Friday, September 05, 2008

Does God Answer Prayers?

On Thursday, the day of Obama’s acceptance speech, there wasn’t a cloud in the sky. Regardless, of the fact that James Dobson group was praying for rain. His follower, Stuart Shepard, made a request that Christians pray for “abundant rain, torrential rain … flood-advisory rain.” He adds, “I’m talking about umbrella-ain’t-gonna-help-you rain … swamp-the-intersections rain” at Invesco Field during the exact time of his speech.

Shepard’s prayers were answered. He received the type of rain that he described in his prayer. Hurricane Gustav's arrival in the Gulf was the cause of delay with the Republican National Convention in Minneapolis, Minnesota. Sometimes, you must be careful with your prayer requests.

God always answers prayers. As the Negro spiritual says, “he may not come when you want him, but he’s always right on time.”

What Is The Point Of Voting?

On Wednesday, during the Democratic National Convention, I was live on location covering the event on my radio show. During the last three minutes of the show, I received a call from a man who identified himself as “Max.” He asked “what is the point of voting?” Out of curiosity, I immediately looked down at the switchboard on my screen and noticed that the call was from Florida. Initially, I paused because I wanted to see if he had an additional comment to include as to why he posed the question. Then, I realized that he is serious.

At that moment, I didn’t know what to say. He was asking this question to someone who could not wait for the opportunity to register to vote. I actually registered two months prior to my 18th birthday, so that I would be ready to vote on my birthday. Voting was a right of passage, like getting my driver's license.

My maternal grandparents left an indelible mark on my psyche regarding the voting process. For as long as I can remember, my grandfather was a poll worker. I never asked him why, but knowing his character, it was probably one way he could make sure that the process was fair. Also, local candidates were always stopping by our house to chat with my grandfather. What the adults didn't realize was the kid was paying close attention and absorbing every single word. It didn't take me long to grasp that those types of discussions influenced the power structure of my small town. I also learned quite a bit which shaped my own involvement in the political process.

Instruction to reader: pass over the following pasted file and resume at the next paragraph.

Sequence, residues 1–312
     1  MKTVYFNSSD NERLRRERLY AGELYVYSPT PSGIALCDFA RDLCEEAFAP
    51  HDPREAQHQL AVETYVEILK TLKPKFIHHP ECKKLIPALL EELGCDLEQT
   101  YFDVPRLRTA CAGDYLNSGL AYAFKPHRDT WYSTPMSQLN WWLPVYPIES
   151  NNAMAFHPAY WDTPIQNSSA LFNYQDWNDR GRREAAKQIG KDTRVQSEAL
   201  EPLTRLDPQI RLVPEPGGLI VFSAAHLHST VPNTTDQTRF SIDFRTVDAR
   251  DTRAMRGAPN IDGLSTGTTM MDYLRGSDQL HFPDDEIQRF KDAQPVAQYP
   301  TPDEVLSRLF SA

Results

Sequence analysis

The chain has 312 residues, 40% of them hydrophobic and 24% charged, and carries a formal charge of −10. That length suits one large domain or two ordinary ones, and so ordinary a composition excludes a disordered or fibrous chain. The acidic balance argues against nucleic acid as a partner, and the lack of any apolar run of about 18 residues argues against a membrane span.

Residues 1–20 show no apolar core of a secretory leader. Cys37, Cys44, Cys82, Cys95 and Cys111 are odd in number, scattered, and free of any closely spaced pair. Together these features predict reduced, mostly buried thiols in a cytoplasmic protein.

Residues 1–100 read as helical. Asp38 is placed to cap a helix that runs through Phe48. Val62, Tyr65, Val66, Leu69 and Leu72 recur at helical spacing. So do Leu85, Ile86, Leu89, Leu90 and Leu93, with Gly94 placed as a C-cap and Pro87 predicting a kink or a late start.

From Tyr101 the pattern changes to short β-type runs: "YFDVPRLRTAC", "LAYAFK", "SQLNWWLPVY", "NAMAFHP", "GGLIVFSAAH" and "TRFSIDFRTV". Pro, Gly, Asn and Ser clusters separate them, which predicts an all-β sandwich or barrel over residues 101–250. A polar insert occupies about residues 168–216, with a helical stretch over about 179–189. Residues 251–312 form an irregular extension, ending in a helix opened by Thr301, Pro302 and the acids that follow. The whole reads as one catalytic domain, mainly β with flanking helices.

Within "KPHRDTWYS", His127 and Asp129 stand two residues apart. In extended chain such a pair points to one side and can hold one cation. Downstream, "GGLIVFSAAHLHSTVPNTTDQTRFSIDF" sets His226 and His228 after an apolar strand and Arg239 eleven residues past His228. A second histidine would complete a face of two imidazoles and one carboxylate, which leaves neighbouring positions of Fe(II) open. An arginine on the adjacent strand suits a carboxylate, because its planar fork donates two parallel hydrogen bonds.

When I was in the second grade, I made my first trip to the polls with my grandmother. I stood in the voting booth and had many questions. Because I didn’t know that voting was a private matter, I proceeded to ask loudly, "who are you voting for; why are you voting; what’s a Democrat……" until she finally shhhhhh me and said she would explain it to me later. Although the height of the civil rights movement had ended a few years earlier, my grandmother never ever mentioned anything about the issues of race vs. voting. She never told me that people lost their lives in order to be granted the right to vote. Although I grew up in rural North Carolina, the reason that she didn't mention it could be because my community was isolated from the cruelties of most the South had endured. My community was predominately Native American – over 90%. Therefore, we were minorities among a larger group of minorities. The Native Americans had officially ran the KKK away from my county, so the Jim Crow effects were not as prevalent. After she explained the differences in the candidates, the importance of exercising the right to vote and that each vote counts, I knew I wanted to vote. I wanted my voice heard too.

So, when Max asked the question "what is the point of voting," it was incomprehensible to me that anyone would pose such a question. I was speechless. I only had three minutes left in the show and there was no way I could run down all the many reasons he should register and vote. My featured guest, Scott Lindsey, responded that “in my view, the point of voting is, you’re in a Democratic society where you can freely express without punishment who you are for – who you think will improve your life and you have a voice. The point of voting is to express that voice.”

Then, another caller who identified himself as "Black Achievement" answered by asking “what’s the point of stopping at a red light?” Scott responded, “one is so that you don’t get run over by oncoming traffic.” His response was a great metaphor for why you should vote, so that you don’t get run over.


Who Is The 2nd African American To Be Elected Governor?